Three other variations on the theme remain for special comment. This trio have in common the idea, typical of synthetic eclecticism, of creating a new building type by combining elements from two of the most famous buildings of antiqity, the Parthenon and the Pantheon. Thus, perhaps, something new is created, something taking of the universally acknowledged excellences of these archetypes. It is too much to say that the combinations surpass either of the paradigms, but it cannot be denied that the resulting contrasts of form are productive of novel and provocative aesthetic effects. Similar juxtapositions of well-known and heavily associated forms were a commonplace in the projects of imaginative architects at this time, such as Boullee, Gilly, and Valadier; and Robert Mills proposed a combination of a Doric colonnade and an obelisk for the Washington Monument.
Carroll L. V. Meeks, "Pantheon Paradigm" (JSAH: 1960.12, 142).
Aldo Ross's Modena cemetery design of 1971 has been one of the most widely discussed architectural projects of the past decade. Now under construction, on the basis of a revised plan of 1976, Rossi's cemetery demonstrates his use of established architectural types, in unexpected combinations, to convey specific ideas about architecture and life.
Some critics, such as Manfredo Tafuri, have taken the view that the meaning of Rossi's design cannot be verbalized. This articale seeks to demonstrate that the oposite is the case. Here, Rossi's sources and writings are explored in tandem, in order to unravel the complex message contained in his cemetery design. In particular, Rossi's debts to Piranesi, Boullee, Loos, Hannes Meyer, Le Corbusier, and de Chirico are discussed.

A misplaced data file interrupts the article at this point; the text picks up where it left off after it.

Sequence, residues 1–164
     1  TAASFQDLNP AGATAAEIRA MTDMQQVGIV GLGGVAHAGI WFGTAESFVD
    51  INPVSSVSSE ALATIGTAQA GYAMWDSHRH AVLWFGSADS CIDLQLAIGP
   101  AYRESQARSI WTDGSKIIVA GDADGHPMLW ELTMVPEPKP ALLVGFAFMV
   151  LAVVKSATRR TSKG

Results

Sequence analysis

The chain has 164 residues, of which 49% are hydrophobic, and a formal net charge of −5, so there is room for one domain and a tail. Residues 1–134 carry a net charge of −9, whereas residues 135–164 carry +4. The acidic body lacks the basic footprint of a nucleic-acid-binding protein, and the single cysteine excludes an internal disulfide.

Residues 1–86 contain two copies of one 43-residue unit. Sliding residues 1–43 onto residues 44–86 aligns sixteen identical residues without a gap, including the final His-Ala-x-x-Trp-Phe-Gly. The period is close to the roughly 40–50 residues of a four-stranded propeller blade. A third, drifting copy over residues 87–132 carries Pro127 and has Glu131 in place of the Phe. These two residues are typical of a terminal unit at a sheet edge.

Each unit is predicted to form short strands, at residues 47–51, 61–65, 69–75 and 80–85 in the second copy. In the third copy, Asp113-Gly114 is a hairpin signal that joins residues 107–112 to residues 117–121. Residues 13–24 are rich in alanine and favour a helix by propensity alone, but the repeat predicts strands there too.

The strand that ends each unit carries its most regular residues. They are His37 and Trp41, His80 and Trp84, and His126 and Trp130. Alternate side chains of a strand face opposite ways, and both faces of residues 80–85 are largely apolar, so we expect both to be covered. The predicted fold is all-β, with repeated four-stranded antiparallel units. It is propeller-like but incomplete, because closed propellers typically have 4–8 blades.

Eugene J. Johnson, "What Remains of Man--Aldo Rossi's Modena Cemetery" (JSAH, 1982.3, 38).
Eternal Wrest in Pieces
just thought of that while typing the above.
His book is designed as a megastructure, and we all know now their fate today.
Read together, they avail us of the opportunity to be placed both "within" and "without" at one and the same time, which none of the books on their own would allow.
Chris Fawcett, "The Rites of Criticism" (JSAH, 1980.5, 155-6).
He asserts that as early as the 18th century, Piranesi discerned that a wholly organized world is not a paradise but a nightmare. The full consequences of these contradictions, however, were not worked out until the 20th century.
I trust that Tafuri's advise will be similarly ignored.
The great value of Architecture and Utopia lies not in its political prescriptions but in its wealth of insights into the relationship between architecture and social theory since the Enlightment. Therein also lies its great frustration. The book touches on a bewildering variety of topics from Abbe Laugier to Andy Warhol until it seems less like a sustained argument than a series of brilliant asides. The pace is a rapid as the scene in Godard's "Breathless" in which the characters race each other through the galleries of the Louvre.
Robert Fishman, "Utopia and its Discontents" (JSAH, 1980.5, 153-5).
the beginning of Unthinking an Architecture